The board ratified a previous vote to give raises for employees who earned licensures, degrees or certifications after hire. There were some minor changes and discussion about requiring the degree to be in a related field.
Steve Nichols, county administrator, said it made the program much too complicated to include a requirement to be in a related field. He said the core requirements of any additional education will help employees be better workers. Requiring related field put undue burdens on department heads and him to make a decision to grant the raise or not. “The amount of appreciation we will see from our employees…we can’t replace that,” said Sheridan.
The ratification of the pay raise program was unanimous. Originally, Weaver and Ullenbruch voted it down.
Supervisors ended the meeting with seven presentations. A highlight of the seven was a Fork Union Sanitary District (FUSD) rate structure. FUSD will need rate increases and might even need a district wide tax to stay in the black.
With modest rate increases and a few capital improvement projects, the system could pay the county back all of its owed $118,000 by the end of FY26. It is currently FY16. By end FY28, the system could pay off its other debt.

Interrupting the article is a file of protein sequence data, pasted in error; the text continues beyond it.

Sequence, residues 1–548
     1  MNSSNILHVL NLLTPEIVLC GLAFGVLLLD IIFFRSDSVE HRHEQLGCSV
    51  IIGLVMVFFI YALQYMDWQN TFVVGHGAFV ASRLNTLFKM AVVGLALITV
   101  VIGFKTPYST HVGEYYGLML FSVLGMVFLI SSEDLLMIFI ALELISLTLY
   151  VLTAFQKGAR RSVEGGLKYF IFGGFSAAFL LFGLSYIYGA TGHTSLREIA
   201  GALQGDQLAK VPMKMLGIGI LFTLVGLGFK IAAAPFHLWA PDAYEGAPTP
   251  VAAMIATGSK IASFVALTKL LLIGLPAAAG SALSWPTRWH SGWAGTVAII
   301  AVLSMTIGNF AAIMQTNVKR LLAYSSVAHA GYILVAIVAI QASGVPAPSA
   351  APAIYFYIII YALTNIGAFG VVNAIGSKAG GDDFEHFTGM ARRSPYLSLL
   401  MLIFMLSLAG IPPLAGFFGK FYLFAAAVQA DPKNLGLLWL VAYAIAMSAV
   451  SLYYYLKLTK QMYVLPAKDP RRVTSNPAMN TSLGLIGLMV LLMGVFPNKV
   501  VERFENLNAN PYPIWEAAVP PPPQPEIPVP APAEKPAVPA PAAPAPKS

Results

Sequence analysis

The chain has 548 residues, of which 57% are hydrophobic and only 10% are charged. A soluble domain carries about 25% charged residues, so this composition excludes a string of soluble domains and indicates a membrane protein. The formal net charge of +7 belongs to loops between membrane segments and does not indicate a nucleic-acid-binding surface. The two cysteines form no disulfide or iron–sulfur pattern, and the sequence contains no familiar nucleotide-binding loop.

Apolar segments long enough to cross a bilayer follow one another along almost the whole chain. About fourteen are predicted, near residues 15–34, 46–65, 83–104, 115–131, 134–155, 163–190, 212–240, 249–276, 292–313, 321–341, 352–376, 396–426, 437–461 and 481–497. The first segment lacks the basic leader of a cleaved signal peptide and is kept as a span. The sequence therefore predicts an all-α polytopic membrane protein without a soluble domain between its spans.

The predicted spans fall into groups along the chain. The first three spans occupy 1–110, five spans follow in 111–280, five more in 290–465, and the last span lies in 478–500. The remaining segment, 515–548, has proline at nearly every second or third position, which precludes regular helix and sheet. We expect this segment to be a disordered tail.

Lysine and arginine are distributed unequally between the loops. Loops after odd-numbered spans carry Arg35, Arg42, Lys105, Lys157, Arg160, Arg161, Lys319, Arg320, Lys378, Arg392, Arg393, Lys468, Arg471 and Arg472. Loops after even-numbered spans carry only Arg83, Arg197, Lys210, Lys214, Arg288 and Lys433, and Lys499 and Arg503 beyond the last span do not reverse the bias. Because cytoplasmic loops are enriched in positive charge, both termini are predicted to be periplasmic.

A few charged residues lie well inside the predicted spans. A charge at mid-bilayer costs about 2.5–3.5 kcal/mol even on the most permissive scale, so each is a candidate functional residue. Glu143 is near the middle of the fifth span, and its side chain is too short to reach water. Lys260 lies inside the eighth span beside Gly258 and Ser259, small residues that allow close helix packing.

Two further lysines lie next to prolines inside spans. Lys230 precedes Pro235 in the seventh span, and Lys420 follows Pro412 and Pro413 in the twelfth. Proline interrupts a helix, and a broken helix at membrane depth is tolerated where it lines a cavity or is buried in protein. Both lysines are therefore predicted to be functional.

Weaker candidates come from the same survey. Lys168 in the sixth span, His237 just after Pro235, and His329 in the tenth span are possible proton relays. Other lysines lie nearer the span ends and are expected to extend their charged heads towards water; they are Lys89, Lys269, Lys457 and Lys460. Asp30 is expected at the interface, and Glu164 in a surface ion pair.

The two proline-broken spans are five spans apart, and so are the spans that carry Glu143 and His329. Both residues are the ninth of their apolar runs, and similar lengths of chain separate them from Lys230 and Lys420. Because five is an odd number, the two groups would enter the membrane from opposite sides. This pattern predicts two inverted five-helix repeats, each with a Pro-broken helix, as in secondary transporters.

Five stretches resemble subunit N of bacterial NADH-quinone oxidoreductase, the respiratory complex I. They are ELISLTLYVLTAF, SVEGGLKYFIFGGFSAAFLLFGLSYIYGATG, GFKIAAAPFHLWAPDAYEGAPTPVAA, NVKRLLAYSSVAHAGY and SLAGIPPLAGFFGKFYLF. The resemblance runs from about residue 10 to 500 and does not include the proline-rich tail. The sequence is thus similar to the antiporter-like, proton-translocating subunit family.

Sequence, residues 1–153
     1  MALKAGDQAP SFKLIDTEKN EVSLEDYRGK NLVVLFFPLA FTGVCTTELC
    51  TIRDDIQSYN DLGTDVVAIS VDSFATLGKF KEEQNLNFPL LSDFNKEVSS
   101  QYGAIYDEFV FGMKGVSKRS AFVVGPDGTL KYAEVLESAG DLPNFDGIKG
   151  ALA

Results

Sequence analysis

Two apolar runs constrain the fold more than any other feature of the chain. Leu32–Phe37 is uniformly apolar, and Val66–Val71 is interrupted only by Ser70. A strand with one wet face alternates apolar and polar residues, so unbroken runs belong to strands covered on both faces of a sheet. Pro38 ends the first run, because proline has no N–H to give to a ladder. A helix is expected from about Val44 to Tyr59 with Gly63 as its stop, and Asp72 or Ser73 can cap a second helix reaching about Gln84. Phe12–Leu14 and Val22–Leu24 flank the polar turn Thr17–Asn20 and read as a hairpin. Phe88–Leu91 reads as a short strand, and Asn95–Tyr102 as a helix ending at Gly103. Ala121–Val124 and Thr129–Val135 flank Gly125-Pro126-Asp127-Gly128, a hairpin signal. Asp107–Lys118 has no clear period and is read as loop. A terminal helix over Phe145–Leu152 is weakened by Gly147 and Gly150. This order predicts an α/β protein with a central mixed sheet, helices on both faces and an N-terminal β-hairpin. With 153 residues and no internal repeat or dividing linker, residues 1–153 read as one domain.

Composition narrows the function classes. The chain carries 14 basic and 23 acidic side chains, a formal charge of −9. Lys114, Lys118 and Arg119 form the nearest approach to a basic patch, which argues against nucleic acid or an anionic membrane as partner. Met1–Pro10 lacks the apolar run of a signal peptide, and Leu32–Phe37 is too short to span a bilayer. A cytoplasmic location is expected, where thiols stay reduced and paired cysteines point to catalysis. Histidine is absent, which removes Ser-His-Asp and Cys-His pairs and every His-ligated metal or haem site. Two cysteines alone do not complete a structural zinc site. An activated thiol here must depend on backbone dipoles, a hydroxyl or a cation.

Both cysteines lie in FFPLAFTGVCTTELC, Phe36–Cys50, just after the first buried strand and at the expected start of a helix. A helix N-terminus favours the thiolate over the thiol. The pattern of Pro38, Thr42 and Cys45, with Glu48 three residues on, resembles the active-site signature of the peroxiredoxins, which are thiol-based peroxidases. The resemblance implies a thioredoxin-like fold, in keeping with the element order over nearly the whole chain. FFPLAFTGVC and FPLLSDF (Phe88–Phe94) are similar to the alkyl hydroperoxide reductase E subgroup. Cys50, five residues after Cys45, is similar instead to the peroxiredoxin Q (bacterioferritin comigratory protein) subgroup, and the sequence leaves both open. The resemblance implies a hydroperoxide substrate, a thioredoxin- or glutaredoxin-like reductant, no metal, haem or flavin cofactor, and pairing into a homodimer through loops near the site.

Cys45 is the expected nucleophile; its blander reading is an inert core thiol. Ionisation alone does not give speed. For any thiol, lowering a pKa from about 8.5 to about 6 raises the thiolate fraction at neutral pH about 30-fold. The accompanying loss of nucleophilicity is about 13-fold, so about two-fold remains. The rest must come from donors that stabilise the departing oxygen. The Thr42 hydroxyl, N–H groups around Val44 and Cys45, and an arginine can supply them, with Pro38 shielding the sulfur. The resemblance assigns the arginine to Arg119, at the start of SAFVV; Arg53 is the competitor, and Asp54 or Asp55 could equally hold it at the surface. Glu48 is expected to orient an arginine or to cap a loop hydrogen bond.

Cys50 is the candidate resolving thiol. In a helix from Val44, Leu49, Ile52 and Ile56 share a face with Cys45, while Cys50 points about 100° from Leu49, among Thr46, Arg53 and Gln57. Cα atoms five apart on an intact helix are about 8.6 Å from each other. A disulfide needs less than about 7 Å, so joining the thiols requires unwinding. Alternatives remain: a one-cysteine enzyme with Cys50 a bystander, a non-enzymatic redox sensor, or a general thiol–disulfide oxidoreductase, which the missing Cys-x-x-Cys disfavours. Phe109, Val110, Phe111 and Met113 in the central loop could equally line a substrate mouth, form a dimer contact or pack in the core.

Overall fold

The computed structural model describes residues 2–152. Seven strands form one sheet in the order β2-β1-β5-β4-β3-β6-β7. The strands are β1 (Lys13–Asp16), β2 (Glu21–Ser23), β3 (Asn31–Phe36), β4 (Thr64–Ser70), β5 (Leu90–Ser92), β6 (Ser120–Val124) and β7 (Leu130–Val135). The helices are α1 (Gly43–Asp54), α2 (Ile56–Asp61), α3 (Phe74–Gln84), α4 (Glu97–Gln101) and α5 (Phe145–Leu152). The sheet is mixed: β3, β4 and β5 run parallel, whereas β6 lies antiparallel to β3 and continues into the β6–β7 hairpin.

The Fluvanna Historical Society is raising money to build a farm heritage museum at Pleasant Grove. The museum is mostly being built from non-county money but would be operated by the county once complete. The historical society asked the county to give $15,000 this year to help complete fundraising. The supervisors originally planned to give $10,000 next year.
Of note from Virginia Department of Transportation (VDOT), Route 53 has been given grant money to improve the roadway. The department will start advertising to expand the right of way along the entire road to put in rumble strips on the sides. It will be a multiyear project.
The supervisors next meeting is on Nov. 18 at 7 p.m.
The Free Enterprise Forum’s coverage of Fluvanna County is provided by a grant from the Charlottesville Area Association of REALTORS® and by the support of readers like you.
Photo Credits: Fluvanna County